On July 28th, 2033 Giancarlo Stanton was inducted into the Baseball Hall of Fame. As his time came to speak the hulking man – the rare physical specimen for whom time seems only to adorn regality, and take nothing at all – sat quietly, a look of mild distance in his eyes.
There were ten, maybe fifteen minutes to encapsulate a seventeen year career of hitting baseballs like no one ever had before him. A few moments to speak of his time playing baseball on opposite corners of the nation; seven in Miami, ten in Seattle.
He had always been more than just another power hitter. The rules of baseball indicate any ball clearing the fence on the fly in fair territory is a home run. Plenty of players did that, and so did Giancarlo. But he used his home runs as an instrument of psychological terror.
His home runs were more than runs, they were oppression, torment; annihilation. Giancarlo Stanton home runs were Marshawn Lynch up the middle, or Shawn Kemp on the break. Oh we tallied them of course, this is baseball. “That’s home run 500!”, “Wow exit velocity of 120.3 MPH”, and so on, but these were the desperate attempts of we baseball disciples to capture gospel on the page. We wrote them in red, so people would notice, but no ink or page was sufficient, nor could it ever be.
He strode to the microphone to speak, and paused. Among the masses gathered to see him was twenty-seven year old Julie Graham, a rising star in the White Sox analytics department. Despite the ongoing season, and her employer currently leading the AL Central, Julie had been planning this trip since last summer. She was smart and ambitious, with an eye for a general manager position someday, but this was bigger even than her career.
This was about the summer of 2018, spent in a small, WWII trackhouse on Trenton St, on the east side of Bremerton, WA.
Julie’s parents had split up when she was six. She lived mostly with her mom, in and around the Orwellian-sounding City of Industry in California. Her father had a tough time keeping a job, and as such his life was in the state of perpetual instability that made primary custody an easy decision for the court. But by 2016 her dad had settled in Kitsap County, and found steady employment at the Puget Sound Naval Shipyard. It was good, union pay, and by the summer of 2018 he was able to pay off enough debt to afford renting that small rambler on Trenton St., and convince the court and Julie’s mom to let her come stay with him for the summer.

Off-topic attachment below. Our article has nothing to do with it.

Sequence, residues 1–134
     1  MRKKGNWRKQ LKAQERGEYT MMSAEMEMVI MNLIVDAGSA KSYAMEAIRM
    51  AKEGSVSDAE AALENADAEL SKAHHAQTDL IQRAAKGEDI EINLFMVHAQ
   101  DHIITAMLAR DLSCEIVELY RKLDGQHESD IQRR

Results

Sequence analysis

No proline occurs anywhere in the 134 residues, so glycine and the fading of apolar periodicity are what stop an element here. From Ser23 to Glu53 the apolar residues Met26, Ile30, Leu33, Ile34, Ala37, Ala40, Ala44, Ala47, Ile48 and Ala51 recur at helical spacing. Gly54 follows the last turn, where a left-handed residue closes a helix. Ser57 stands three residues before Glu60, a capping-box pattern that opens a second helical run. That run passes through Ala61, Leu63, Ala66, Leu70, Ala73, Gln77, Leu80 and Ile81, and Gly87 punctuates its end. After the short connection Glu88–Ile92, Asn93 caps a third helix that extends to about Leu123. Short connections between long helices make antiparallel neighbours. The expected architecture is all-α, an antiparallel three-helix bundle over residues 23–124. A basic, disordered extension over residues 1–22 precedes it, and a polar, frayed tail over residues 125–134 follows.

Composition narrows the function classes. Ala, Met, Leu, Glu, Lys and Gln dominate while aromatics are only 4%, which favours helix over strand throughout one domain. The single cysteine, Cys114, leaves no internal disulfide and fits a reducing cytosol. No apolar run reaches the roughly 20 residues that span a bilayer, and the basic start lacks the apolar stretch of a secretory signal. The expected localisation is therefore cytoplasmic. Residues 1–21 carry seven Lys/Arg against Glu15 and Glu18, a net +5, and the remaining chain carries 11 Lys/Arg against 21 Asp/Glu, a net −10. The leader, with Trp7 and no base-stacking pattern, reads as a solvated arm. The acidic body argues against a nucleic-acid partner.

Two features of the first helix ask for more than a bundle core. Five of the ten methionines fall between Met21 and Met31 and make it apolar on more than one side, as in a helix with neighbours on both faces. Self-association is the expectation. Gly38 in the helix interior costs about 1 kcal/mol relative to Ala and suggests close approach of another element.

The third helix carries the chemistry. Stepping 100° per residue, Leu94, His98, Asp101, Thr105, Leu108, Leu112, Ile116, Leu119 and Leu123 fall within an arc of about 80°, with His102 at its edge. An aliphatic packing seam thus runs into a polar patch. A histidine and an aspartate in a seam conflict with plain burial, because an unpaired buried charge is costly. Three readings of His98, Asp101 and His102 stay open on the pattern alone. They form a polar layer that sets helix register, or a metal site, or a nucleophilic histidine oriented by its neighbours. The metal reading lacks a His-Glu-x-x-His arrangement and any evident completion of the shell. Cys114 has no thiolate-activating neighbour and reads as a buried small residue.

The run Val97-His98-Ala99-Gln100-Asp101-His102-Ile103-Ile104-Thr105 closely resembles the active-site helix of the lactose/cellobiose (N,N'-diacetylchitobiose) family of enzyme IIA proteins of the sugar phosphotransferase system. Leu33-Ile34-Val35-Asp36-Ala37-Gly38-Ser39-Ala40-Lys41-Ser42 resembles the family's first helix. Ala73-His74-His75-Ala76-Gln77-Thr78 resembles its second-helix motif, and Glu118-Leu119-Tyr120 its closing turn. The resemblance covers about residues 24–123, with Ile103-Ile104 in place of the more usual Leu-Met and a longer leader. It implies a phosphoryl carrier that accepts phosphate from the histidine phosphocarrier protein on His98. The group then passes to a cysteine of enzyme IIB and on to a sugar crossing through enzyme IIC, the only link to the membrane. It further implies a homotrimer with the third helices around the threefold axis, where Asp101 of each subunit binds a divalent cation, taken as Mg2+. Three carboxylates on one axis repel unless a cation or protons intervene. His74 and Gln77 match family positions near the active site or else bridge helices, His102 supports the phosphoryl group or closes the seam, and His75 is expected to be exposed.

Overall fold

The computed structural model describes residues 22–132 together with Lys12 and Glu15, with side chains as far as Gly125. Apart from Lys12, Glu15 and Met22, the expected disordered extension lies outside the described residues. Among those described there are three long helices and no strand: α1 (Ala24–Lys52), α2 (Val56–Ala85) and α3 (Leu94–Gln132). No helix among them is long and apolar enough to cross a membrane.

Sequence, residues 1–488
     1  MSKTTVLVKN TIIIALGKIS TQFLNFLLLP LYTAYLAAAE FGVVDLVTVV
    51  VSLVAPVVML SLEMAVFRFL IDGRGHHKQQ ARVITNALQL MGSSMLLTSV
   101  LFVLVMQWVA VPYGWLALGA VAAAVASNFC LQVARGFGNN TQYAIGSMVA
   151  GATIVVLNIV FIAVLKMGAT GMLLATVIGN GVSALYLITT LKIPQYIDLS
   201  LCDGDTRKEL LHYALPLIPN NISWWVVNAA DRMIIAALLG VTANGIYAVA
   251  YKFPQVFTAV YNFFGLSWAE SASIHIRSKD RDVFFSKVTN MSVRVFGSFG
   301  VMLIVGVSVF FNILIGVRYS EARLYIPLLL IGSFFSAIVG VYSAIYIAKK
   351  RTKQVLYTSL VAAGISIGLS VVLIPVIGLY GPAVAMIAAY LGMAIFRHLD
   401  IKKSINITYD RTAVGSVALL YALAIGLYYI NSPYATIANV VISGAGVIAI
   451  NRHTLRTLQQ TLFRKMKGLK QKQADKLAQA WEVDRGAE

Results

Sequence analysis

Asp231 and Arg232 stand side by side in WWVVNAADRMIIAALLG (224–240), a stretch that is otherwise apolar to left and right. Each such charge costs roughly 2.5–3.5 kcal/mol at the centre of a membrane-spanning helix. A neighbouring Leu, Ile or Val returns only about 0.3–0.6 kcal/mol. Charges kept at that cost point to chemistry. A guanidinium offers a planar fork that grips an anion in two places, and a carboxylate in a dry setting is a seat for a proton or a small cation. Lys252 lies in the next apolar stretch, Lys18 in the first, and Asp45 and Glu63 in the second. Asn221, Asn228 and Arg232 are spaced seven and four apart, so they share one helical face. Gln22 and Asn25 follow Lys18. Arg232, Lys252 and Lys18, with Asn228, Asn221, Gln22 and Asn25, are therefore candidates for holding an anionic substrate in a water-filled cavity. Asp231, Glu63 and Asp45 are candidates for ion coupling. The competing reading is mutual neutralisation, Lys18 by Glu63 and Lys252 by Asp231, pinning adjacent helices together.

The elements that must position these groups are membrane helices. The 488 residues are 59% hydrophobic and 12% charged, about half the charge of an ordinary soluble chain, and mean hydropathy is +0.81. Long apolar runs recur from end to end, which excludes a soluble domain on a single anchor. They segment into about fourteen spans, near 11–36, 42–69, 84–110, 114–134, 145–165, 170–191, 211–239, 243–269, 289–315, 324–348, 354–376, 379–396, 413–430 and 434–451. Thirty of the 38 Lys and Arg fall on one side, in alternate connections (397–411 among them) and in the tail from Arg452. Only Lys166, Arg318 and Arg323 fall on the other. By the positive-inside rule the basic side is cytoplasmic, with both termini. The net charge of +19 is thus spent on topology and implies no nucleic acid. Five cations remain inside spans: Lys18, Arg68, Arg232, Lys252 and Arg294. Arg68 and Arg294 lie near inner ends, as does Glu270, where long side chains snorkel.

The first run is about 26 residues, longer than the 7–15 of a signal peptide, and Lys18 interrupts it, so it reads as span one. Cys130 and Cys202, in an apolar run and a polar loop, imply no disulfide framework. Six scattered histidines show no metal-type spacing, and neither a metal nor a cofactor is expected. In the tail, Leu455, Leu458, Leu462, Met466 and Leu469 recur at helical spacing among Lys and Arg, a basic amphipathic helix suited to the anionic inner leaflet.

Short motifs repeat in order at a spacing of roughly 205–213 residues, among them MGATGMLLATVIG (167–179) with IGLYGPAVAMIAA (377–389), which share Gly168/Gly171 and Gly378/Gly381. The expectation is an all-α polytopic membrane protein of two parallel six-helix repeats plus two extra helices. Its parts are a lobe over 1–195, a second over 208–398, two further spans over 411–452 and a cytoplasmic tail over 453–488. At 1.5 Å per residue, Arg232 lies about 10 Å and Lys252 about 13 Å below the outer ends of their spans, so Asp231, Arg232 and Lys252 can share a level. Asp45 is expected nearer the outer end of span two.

She hated it, of course. She was twelve, the dawning of the age when hate is the default setting for most things in life. She hated the small house, the small town, the way the rain stuck around into July. She hated her dad, and his friends, and the few kids she saw around the neighborhood. One Saturday a guy at the yard had a few baseball tickets he couldn’t use, and when Julie’s dad drug her to Safeco Field she was fully prepared and capable of hating that too.
They trudged to their seat, about halfway up the left field bleachers, and sat down. Julie was annoyed; the sun made it impossible to see her phone screen. Without speaking a word to her dad she got up and walked all the way to the top of the bleachers, where some shade would allow her to see, and thus escape.
Julie’s head jerked up, something had smashed into the bleacher behind her, about twenty feet from her head.
Once she had visited an aunt in Texas, and through a torrential Texan storm learned about baseball-sized hail. But this, this was a storm raining actual baseball-sized baseballs.
Where could it be coming from? Julie looked around her, then down to her dad, who pointed towards the other side of the stadium. She squinted down. All she could see was a tiny collection of blue and white spots. One of the spots, admittedly the least tiny of them, was standing close to home plate. Vaguely she saw a flash of something and this time, paying attention, she heard it; a menacing hiss and the accompanying whoops of the people around her as it go closer. The ball smashed about two rows in front of her, and a group of four or so immediately fell upon it.
Julie put down her phone.
Giancarlo stood at the podium. The trade to bring him to Seattle was foolish, reckless, irresponsible even. All the home runs – 400, 500, 600, and on – had not turned around the franchise. They had finally broken that awful playoff-less streak by squeaking into the Wild Card in 2023. They even won the Wild Card game, but were swept out of the divisional series by the Rangers, and quickly returned to mediocrity afterwards.
Seventeen years, an MVP, Silver Sluggers, All-Star games, one of the most transcendent talents in the history of the game. But only four playoff games, no World Series, and no titles. His accomplishments lay as communal testament to his enduring greatness, but seemingly little beyond just that.
Julie Graham stood in the sun, and sweat. She drug her dad to Safeco that whole summer, all those years ago. When the next summer came she did it again, and the one after. Her newfound love of baseball made her want to know more about it, and that led to the discovery of a love of and gift for mathematics and statistics. The full ride to Stanford, the internship with the Padres, the steady progress of her career was traced back to a summer in Seattle, where a Child of Zeus himself reshaped the confines and boundaries of reality with his swings.
Giancarlo began speaking, and Julie looked around. She was far from alone.